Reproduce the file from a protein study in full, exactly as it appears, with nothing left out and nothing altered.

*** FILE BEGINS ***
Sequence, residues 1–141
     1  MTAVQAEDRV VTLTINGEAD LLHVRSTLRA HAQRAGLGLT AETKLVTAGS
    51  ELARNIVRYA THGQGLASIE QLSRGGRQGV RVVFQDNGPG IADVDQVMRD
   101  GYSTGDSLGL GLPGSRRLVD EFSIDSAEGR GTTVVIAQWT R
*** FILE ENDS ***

Sequence, residues 1–141
     1  MTAVQAEDRV VTLTINGEAD LLHVRSTLRA HAQRAGLGLT AETKLVTAGS
    51  ELARNIVRYA THGQGLASIE QLSRGGRQGV RVVFQDNGPG IADVDQVMRD
   101  GYSTGDSLGL GLPGSRRLVD EFSIDSAEGR GTTVVIAQWT R